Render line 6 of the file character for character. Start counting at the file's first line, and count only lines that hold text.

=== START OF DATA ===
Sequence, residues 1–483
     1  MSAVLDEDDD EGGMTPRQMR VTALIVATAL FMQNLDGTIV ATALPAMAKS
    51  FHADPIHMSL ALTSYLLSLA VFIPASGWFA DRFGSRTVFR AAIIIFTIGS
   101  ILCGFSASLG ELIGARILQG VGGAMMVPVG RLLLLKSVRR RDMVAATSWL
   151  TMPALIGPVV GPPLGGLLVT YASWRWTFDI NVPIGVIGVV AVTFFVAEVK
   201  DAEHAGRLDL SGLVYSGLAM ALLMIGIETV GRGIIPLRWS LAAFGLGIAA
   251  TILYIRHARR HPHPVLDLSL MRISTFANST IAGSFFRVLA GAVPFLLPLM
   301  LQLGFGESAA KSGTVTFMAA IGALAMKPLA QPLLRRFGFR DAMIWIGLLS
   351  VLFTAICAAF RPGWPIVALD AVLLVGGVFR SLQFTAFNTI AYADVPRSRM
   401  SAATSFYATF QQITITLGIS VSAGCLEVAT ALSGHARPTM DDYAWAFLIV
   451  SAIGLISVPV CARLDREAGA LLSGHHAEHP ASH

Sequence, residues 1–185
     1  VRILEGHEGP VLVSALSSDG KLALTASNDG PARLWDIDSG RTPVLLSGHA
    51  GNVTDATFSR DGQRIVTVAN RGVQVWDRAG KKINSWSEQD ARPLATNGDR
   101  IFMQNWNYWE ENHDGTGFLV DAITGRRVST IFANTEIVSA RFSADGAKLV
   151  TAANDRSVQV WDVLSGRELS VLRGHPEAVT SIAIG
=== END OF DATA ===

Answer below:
   201  DAEHAGRLDL SGLVYSGLAM ALLMIGIETV GRGIIPLRWS LAAFGLGIAA